Sunday, June 11, 2006

Marijuana and Chemotherapy

I am going to make this simple……

Yes. Yes, YES, YES. Again… YES.

There is a good reason why, during that first, fateful, fitful chemotherapy session that the health care practitioners, hmmm, well, actually why the nurses (I suspect the doctors aren’t allowed to do the deed themselves due to legalities) ask you if you have considered using pot during this phase of your cancer treatment. That is because it works. It’s just that simple.

I inadvertently conducted a controlled (as controlled as I am capable of getting) experiment on this topic over the course of my 4 rounds of chemo. Because I was heading down to the US between my 3rd and my 4th rounds (something that I didn’t know would completely freak my doctors out until I actually got there – seems that the recycled air of planes can be a receptacle for all the bugs that can creep up on me and wreak havoc when my nadir is nigh) I was reticent to be smoking a whole bunch of dope. I am a bit inexperienced in the ways of all of this (in other words, don’t laugh your asses off at how naïve this is about to sound…), so I didn’t know if there would be some left over evidence of my foray into the illegal (well, in my case under these circumstances it is legal, bless the insight and compassion of the Canadian government for that, but since it is still illegal in the US, and I don’t know how they do their sniffing…), and since I really, really, really wanted to make this trip to my leadership program, I decided to not take the risk. And I spent the first 3 of my rounds of chemo with my new, ever-present friend, nausea. Not so fun. Not terrible either… chemotherapy is cumulative and so the effects build, the first time the nausea only lasted a couple days after the treatment, the second time I was up to 3 or 4 days, but by the time I got to my third round it was really getting uncomfortable for me (I am not great with nausea, plenty of things I can handle well, but nausea, not so much).

So you can imagine my great joy and relief when about a day after round 4, knowing that I had no threat of being turned back from the US border, I tried the sacred weed, and within half an hour the claw of nausea released my stomach. It was like a new lease on life. The relief was incredible (or maybe that was just the high speaking), but boy was it nice not to only be thinking about whether or not I could make it through the day without throwing up. I can’t even describe the peace. Which has me realize how much the nausea had gotten into my bones and really was running the show even when I thought I was doing ok and had it semi-handled. It is quite gross to have a constant reminder that you are in treatment for a devastating and life threatening illness (well, the hair loss kept it front and center too). There is no way to put the awareness of the attack on your life aside; to ignore it or pretend it is isn’t there for a day. At least after surgery there is a feeling of being done, and successful completion and an option to start “recovering”. This is a whole different beast. And really, any relief is a welcome friend. That night I got to bed easily and early too. Also not something I had known I was struggling with. And it would seem the effects of the pot are also cumulative, because over the next few days of treating myself to The Great Relief, things got easier faster. And maybe knowing that this was my last round and so I would get a chance to start “recovering” from this phase before I was plunged into the next great unknown helped ease things as well.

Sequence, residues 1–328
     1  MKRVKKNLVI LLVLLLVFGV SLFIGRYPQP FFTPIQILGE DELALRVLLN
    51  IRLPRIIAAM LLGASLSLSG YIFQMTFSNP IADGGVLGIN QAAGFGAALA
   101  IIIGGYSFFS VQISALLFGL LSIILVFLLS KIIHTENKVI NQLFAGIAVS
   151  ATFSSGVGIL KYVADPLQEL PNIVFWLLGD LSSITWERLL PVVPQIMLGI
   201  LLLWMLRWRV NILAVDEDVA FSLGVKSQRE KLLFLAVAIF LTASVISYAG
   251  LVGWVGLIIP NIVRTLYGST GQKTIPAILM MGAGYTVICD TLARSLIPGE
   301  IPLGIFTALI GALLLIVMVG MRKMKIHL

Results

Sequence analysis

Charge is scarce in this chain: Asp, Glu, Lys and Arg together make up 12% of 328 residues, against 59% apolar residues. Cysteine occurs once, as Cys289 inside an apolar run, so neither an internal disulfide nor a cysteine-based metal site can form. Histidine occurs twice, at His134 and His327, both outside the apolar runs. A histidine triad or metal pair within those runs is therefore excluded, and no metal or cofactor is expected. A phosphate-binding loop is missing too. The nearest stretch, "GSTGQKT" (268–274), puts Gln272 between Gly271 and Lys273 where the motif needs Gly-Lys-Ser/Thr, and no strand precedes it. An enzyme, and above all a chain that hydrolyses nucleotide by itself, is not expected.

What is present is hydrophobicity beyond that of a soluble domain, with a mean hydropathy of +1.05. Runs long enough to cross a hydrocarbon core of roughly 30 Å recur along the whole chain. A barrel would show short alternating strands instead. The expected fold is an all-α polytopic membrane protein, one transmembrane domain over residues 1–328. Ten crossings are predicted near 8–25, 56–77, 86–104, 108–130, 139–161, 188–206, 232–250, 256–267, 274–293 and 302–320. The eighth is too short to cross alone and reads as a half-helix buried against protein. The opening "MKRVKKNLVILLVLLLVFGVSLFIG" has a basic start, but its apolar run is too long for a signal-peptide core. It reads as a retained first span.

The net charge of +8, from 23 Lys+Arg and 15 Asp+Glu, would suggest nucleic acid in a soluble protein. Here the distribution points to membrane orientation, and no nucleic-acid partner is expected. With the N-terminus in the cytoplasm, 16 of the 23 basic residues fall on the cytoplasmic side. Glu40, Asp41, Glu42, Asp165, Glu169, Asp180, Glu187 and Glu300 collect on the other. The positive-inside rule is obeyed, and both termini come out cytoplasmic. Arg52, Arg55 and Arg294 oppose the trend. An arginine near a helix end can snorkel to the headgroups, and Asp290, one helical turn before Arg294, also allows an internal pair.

So I will say it again, if you are given the option, hell even if you are not, just say yes to drugs (well, the gentle, herbal ally sort of drug, akin to dandelion and burdock, during this extenuating circumstance – but you knew what I meant!).


At 1:20 AM PDT, Anonymous Chemotherapy Treatments said...

Fine information, many thanks to the author. It is puzzling to me now, but in general, the usefulness and significance is overwhelming. Very much thanks again and best of luck!


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